The Foregone Pity for David Brent: Life on the Road
Ricky Gervais returns to the big screen as trainwreck incarnate and main subject of the original iteration of The Office, David Brent.
The mockumentary, also written and directed by Gervais, starts in the drab, four-cornered world of the average workplace. Hoping to ride his self perceived celebrity from the turn of the millennium exposé, Brent ditches his daily gig as a bathroom supplies salesman to be a wannabe rock star and front man to his band, Foregone Conclusion. Brent ill-advisedly cashes out several pensions and savings to pay for a gratuitous tour through small English clubs, complete with a turquoise tour bus that he’s not allowed on. Joined by his friend and rapper, Dom Johnson (Doc Brown), sound engineer Dan (Tom Basden) and a backing band of typical indie rockers, the journey of sheer reluctance rolls painfully down various motorways.
The oblivious and cringeworthy Brent explains over asides to the camera about his dreams of being signed to a record label and will spare no expense in trying to make that happen. Everyone on tour naturally hates him and in their own petite segments explain their disdain for Brent’s constant intrusions and desperate attempts to hang out with them. At one point, Brent pays the band an hourly rate to have a drink with him. This ongoing hatred for Brent just continues to grow as they bomb on stage over and over again.
Brent’s stabs at humor in the workplace touch every spectrum of the offensive rainbow. Though in his music, he hopes to be the champion of the disenfranchised with tracks like “Please Don’t Make Fun of the Disableds” and “Native American” but in true form completely butchers the essence of tolerance and understanding. The songs are funny and the sparse crowd reactions even more so. This process, however, begins to repeat itself during the film and loses its punch. Adding to the minuscule list of British music mockumentaries, Life on the Road is a bad back massage compared to Spinal Tap.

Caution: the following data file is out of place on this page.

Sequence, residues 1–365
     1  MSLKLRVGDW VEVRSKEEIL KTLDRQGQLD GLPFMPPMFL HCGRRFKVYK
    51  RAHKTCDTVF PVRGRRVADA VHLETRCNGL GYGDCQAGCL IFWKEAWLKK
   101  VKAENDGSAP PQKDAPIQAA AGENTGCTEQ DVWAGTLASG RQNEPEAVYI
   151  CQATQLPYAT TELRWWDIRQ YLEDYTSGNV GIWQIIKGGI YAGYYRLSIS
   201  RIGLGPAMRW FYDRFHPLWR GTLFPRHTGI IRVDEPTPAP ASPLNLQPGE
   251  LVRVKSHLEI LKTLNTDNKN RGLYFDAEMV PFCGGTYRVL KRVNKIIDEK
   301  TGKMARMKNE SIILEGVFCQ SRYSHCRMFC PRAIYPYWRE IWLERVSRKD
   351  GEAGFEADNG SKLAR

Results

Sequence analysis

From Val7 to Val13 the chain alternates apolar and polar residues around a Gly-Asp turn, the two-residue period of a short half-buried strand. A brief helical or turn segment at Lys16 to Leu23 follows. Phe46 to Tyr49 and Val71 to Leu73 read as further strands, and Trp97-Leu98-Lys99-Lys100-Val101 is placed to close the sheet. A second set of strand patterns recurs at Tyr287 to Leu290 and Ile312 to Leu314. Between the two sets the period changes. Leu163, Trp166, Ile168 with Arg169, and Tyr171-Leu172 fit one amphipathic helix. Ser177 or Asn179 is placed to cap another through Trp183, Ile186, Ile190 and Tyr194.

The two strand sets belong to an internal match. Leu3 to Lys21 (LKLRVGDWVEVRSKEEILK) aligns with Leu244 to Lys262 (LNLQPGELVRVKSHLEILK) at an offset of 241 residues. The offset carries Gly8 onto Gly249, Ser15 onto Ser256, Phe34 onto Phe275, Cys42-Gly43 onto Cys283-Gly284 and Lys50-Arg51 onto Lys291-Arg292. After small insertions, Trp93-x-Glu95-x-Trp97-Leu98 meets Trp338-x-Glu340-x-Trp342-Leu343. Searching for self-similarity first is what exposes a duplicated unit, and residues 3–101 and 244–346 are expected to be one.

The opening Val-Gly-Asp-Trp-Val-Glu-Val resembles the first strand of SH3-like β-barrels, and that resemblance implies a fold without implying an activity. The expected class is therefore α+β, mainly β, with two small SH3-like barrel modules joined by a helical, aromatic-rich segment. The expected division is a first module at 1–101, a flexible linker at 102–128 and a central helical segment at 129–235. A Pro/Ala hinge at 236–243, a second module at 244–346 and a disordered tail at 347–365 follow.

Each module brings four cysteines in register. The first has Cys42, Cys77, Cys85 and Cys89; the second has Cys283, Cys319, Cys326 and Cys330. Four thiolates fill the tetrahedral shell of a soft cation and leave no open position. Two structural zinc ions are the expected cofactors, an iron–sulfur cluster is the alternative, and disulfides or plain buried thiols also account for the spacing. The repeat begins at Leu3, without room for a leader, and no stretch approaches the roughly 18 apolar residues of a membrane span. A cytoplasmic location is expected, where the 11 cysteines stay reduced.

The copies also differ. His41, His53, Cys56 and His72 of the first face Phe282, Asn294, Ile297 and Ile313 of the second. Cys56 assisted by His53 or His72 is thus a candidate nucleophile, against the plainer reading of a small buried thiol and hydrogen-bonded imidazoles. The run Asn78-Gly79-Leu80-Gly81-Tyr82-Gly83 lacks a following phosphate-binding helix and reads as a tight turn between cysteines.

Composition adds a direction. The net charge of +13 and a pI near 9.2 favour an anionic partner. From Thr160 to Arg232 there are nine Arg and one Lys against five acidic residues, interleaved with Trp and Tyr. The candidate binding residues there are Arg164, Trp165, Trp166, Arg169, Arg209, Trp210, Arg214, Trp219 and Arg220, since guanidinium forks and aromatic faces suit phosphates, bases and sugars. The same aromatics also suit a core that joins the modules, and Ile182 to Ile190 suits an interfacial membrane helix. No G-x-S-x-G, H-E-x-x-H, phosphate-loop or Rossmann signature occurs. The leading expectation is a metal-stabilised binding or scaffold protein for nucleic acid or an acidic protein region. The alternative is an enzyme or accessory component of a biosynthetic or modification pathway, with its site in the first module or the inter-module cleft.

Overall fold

The Office was a brilliant show; it is the only British comedy to ever win a Golden Globe. It has spawned several versions in countries like France, Chile, and Israel. Its American counterpart reached ultimate success in the television world, ran for nine seasons, and spawned a generation of similarly structured sitcoms that still air to this day. David Brent’s (as well as his international doppelgangers) impossible nature was contrasted with other real relationships to ground us in the mind numbing reality of the public’s cubicle bound fate. The desperate lengths Brent takes to be loved could be endearing at times, while contrasted with various romantic relationships or deep rivalries between different characters. We the viewer go on a journey with The Office and feel as a part of their ilk and that is exactly where Life on the Road falls flat. There’s no growth. There’s no change in our perspective for David Brent or any other character. It makes one wonder where co-creator and long time writing partner of Gervais, Stephen Merchant, was for this project. Besides the The Office, the two have worked together on several other well received shows including Extras and Life’s Too Short. His absence is noticeable and awfully suspicious.
After a great majority of the film is spent on Brent debasing himself and the rest of the touring group finding any opportunity to shit on him, the film suddenly turns. All the characters begin to express pity for their front man. Foregone Conclusion’s tour is a massive failure and Brent has blown all of his savings on a fool’s errand. The way this developed should allow him to show some humility and concede to others that he is not a rock star. Instead, various characters execute an armchair psychological diagnosis to excuse his behavior and digress that Brent is an alright guy.
David Brent: Life on the Road is a bumpy bus ride down memory lane. Much of the humor will be lost on those who did not watch The Office or aren’t British enough to understand Brent’s love affair with the town of Slough. Contrary Gervais’ penchant for “I’m laughing at you, not with you” style of comedy, the tone at the end would express that its alright to be an incorrigible buffoon, as long as you keep showing up to work on time.
5.5 Painful Silences out of 10